# Plot Lorenz Curve in Python

import numpy as np

from matplotlib import pyplot as plt
%matplotlib inline


Gini coefficient, along with Lorenz curve, is a great way to show inequality in a series of values. However, there are no straight forward wrapper function to use for the plot. I’ve been using these a lot lately and woud like to write down how I do these with Numpy and Matplotlib.

Let’s first come up with a small sample set. To make a skewed dataset, I append two Poisson random samples together.

X = np.append(np.random.poisson(lam=10, size=40),
np.random.poisson(lam=100, size=10))
X

array([ 11,  11,  13,  10,  17,  14,  14,   9,   8,  11,   4,  13,  12,
9,  14,  11,  10,  11,  13,  17,  14,   6,  10,   8,  13,  14,
13,   5,  22,   8,  13,  10,  11,  14,   6,   6,  11,  10,   6,
7, 103,  86,  99,  94,  99,  95,  91,  95,  88,  79])


#### Calculation of Gini

The formula comes from Gini’s Wikipedia page:

$$Gini = \frac{2\sum_i^n i\times y_i}{n\sum_i^n y_i} - \frac{n+1}{n}$$

Note that the values of $y$’s are ordered such that $y_i \leq y_{i+1}$

Now, we can write a simple wrapper function for this.

def gini(arr):
## first sort
sorted_arr = arr.copy()
sorted_arr.sort()
n = arr.size
coef_ = 2. / n
const_ = (n + 1.) / n
weighted_sum = sum([(i+1)*yi for i, yi in enumerate(sorted_arr)])
return coef_*weighted_sum/(sorted_arr.sum()) - const_

gini(X)

0.5305263157894735


#### Lorenz Curve

There are two elements we need: perfect equality that has a slope of $1$ and the Lorenz curve.

Quote from Lorenz curve’s wiki page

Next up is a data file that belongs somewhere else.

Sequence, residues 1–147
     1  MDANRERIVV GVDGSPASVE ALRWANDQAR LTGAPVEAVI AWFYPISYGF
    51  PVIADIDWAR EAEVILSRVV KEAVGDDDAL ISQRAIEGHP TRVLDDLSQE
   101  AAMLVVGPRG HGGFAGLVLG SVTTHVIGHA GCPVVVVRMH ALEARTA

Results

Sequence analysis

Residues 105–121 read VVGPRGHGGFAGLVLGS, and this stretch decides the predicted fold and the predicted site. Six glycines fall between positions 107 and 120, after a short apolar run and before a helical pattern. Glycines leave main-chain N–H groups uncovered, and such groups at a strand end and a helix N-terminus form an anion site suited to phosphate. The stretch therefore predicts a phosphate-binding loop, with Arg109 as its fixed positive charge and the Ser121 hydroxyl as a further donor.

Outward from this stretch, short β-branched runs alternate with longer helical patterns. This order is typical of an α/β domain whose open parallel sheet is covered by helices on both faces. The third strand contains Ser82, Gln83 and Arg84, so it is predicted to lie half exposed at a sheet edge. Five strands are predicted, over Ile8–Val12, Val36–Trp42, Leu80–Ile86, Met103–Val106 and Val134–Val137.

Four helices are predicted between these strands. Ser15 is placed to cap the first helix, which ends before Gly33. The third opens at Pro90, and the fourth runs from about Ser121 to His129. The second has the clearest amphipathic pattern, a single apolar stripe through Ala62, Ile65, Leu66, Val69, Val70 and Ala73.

The curve is a graph showing the proportion of overall income or wealth assumed by the bottom $x$% of the people

In fact, the famous 80-20 rule is one good example: the bottom 80% holds 20% of the overall wealth. Under the situation of perfect equality, on the other hand, we can say the bottom $x$% holds $x$% of the overall wealth.

Similar to Gini coefficient, we will sort the data. Then we convert values to cumulative proportions. We may also add the origin $(0,0)$

X_lorenz = X.cumsum() / X.sum()
X_lorenz = np.insert(X_lorenz, 0, 0)
X_lorenz[0], X_lorenz[-1]

(0.0, 1.0)

fig, ax = plt.subplots(figsize=[6,6])
## scatter plot of Lorenz curve
ax.scatter(np.arange(X_lorenz.size)/(X_lorenz.size-1), X_lorenz,
marker='x', color='darkgreen', s=100)
## line plot of equality
ax.plot([0,1], [0,1], color='k')


This gives us a very simple Lorenz curve. Then it is up to our own needs to add any customization.

#### A wrapper function

def lorenz_curve(X):
X_lorenz = X.cumsum() / X.sum()
X_lorenz = np.insert(X_lorenz, 0, 0)
X_lorenz[0], X_lorenz[-1]
fig, ax = plt.subplots(figsize=[6,6])
## scatter plot of Lorenz curve
ax.scatter(np.arange(X_lorenz.size)/(X_lorenz.size-1), X_lorenz,
marker='x', color='darkgreen', s=100)
## line plot of equality
ax.plot([0,1], [0,1], color='k')

X = np.append(np.random.poisson(lam=10, size=40),
np.random.poisson(lam=100, size=10))

gini(X)

0.5620936639118459

lorenz_curve(X)